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Emily D. Swoboda

Isle of Man Updates Its Regulatory System

27 January 2006

The government of the Isle of Man has announced significant changes in its regulatory framework interactive gambling in order to ease the application process for prospective operators and improve the business of existing ones in the jurisdiction.

The announcement came Tuesday morning at the London Stock Exchange when Bill Mummery, head of e-gaming development for the Department of Trade and Industry on the Isle of Man, revealed that the licensing process in the Isle of Man would be much simpler--effective immediately.

The changes were prompted by the recognition that I-gaming is a rapidly changing industry, Mummery said.

More than 20 I-gaming companies are listed on the AIM, with a significant amount of them floating in the last year.

"There has been a tremendous increase in activity over the last 12 months," he said. "We’re responding to the needs of the industry. We wanted to ease the application process for new operators."

The Isle of Man established itself as a licensing jurisdiction in 2001, licensing five operators almost immediately. But that licensing came with hefty restrictions, such as a $2 million bond requirement and software pre-certification for all operators. Additionally, operators were forbidden from accepting bets from the United States. The jurisdiction, however, could not keep up with the rate at which the I-gaming industry was growing and by 2003, because of the strict regulations, housed no operators.

Recently, the jurisdiction has undergone major changes and has begun to reposition itself in the industry, first by replacing the $2 million bond with a negotiable bond amount.

In early 2005 the Isle of Man Council of Ministers agreed to drop restrictions on accepting bets from the United States, opening the doors to more operators to make a home on the Isle. Since then, major operators like Paddy Power and Party Poker have moved from Gibraltar to the Isle. Today 20 operators exist on the Isle, plus gaming services companies like payment solutions provider Neteller, and 20 more operators are going through the application process at the moment, Mummery said.

Three areas in which changes have been made are software testing, disaster recovery and advertising and marketing.

Software testing requirements will be streamlined, requiring operators to demonstrate that the software used in their games follows game rules available to players and that the data is randomly generated and unpredictable. They must disclose the method used to generate the numbers.

"The requirements move away from static testing of source code to output / results testing of data--which has become recognized as a much more valid approach and protects the software provider's intellectual property since he is not exposing his source code," Mummery said. "Operators obtain a certificate from their auditor that confirms random number generation."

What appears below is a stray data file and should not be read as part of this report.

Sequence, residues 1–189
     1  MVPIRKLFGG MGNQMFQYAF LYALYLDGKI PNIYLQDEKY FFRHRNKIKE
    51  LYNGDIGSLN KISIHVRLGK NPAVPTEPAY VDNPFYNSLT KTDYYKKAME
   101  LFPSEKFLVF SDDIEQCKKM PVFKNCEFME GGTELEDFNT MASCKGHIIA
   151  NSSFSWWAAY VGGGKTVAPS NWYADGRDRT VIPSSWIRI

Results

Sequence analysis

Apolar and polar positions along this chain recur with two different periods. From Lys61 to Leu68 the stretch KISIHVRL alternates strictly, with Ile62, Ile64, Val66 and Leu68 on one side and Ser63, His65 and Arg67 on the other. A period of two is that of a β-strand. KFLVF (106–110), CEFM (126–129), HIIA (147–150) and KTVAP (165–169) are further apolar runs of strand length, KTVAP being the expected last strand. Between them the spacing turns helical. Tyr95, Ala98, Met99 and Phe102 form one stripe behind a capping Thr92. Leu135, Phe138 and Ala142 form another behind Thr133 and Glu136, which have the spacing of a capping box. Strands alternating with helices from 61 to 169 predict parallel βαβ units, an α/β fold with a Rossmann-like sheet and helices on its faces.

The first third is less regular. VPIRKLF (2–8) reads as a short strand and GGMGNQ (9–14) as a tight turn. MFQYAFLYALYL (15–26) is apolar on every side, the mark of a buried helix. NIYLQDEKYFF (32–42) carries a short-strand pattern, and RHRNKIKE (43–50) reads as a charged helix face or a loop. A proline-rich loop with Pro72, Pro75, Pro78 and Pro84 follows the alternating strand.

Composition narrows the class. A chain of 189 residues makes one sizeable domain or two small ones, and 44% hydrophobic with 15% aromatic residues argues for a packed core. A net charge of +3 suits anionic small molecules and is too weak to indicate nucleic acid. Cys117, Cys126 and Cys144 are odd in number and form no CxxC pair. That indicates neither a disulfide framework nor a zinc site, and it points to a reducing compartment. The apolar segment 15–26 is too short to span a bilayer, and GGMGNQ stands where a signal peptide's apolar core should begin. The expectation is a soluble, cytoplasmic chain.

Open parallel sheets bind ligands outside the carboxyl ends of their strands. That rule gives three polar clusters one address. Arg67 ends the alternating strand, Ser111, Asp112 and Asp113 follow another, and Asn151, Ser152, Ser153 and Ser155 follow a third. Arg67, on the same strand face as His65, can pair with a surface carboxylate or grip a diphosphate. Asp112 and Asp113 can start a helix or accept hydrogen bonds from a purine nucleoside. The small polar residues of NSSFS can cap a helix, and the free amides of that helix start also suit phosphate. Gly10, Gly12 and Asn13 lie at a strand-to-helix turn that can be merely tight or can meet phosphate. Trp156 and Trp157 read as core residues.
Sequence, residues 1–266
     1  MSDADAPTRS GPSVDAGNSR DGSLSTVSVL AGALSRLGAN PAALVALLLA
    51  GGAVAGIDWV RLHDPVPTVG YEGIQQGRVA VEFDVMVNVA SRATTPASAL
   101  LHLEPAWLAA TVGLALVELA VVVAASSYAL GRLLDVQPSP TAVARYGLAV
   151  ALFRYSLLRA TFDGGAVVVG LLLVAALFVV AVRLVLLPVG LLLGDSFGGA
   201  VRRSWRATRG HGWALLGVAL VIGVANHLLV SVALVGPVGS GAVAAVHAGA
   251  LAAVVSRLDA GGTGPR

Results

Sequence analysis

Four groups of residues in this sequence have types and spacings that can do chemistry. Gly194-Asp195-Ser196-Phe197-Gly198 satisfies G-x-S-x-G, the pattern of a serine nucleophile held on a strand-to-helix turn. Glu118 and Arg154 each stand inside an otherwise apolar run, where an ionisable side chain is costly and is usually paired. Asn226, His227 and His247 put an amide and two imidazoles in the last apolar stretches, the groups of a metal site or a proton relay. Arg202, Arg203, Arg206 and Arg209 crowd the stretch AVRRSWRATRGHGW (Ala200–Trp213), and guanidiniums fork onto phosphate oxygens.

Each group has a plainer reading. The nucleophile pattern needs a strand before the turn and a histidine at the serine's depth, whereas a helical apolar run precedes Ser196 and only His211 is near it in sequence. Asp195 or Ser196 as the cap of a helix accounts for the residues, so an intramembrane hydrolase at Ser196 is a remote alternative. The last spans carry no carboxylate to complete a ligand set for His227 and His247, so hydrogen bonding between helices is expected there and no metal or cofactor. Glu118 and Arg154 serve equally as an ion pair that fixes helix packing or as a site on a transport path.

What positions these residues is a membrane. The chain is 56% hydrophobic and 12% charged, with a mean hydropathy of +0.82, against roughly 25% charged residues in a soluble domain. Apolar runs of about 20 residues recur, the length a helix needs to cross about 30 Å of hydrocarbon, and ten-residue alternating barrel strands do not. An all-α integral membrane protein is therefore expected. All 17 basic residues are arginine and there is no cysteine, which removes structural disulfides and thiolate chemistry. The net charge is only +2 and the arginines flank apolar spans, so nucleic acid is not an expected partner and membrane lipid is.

Operators must also visibly display to players the name and rules of the game, instructions, restrictions, amounts of wagers permitted, the amount of returns the player can expect and the players account balances.

Before accepting any bets from players, operators must present the government with a written certificate that demonstrates compliance with the regulations.

Disaster recovery, Mummery explained, is a way to ensure that no data is lost in the event of a computer outage, such as a natural disaster.

"Let’s say something happened in a home jurisdiction, like a major technical failure,” Mummery said. “An operator can’t afford to lose any time or business."

To prevent devastating effects from unforeseen events, duplicate servers with real time information storage are set up in other credible jurisdictions as a back up to the home server. Should the home server crash, the back up would immediately kick in to insure continuity in business and fairness for players.

Previously, off-island operators seeking disaster recovery services in the Isle of Man were required to apply for licensing. Under the new regulations, though, they are free to employ the services of an accredited disaster recovery facility provider on the Isle, of which there are six.

"(An operator) can have duplicated systems in IOM and in the event of a failure in its primary jurisdiction can immediately switch to IOM and run for 30 days without a license, while still being regulated in its home jurisdiction," Mummery said.

Advertising and marketing of I-gaming businesses that operate out of the Isle no longer require licensing either. Companies are free to globally advertise their products.

"The main aim is to allow a company to operate out of IOM offering advertising and marketing services to clients globally without the need to be licensed in IOM," Mummery said.

Mummery hopes the regulatory changes will make the Isle of Man more attractive as a jurisdiction, thus bringing in more operators and expanding the area’s stance as a major licensing jurisdiction. In fact, since Tuesday’s announcement Mummery has seen significant interest in what the jurisdiction has to offer, with hundreds of inquiries coming to him while he attended the International Casino Exhibition in London.

Click here to view The Online Gambling (Systems Verification Amendment) Regulations 2006.

Click here to view The Online Gambling (Advertising) Regulations 2006.

Click here to view The Online Gambling (Technical Support and Disaster Recovery) Regulations 2006.

Isle of Man Updates Its Regulatory System is republished from
Emily D. Swoboda
Emily D. Swoboda